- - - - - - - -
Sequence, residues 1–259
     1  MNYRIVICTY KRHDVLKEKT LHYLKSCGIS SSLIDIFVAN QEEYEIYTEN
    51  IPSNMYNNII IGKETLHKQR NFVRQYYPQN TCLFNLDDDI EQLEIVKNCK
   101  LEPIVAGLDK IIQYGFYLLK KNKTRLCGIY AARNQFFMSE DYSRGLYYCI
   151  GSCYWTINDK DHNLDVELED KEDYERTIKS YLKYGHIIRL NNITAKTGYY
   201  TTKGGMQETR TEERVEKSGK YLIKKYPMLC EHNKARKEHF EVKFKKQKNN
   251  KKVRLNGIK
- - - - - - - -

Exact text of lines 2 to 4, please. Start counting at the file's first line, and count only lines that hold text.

     1  MNYRIVICTY KRHDVLKEKT LHYLKSCGIS SSLIDIFVAN QEEYEIYTEN
    51  IPSNMYNNII IGKETLHKQR NFVRQYYPQN TCLFNLDDDI EQLEIVKNCK
   101  LEPIVAGLDK IIQYGFYLLK KNKTRLCGIY AARNQFFMSE DYSRGLYYCI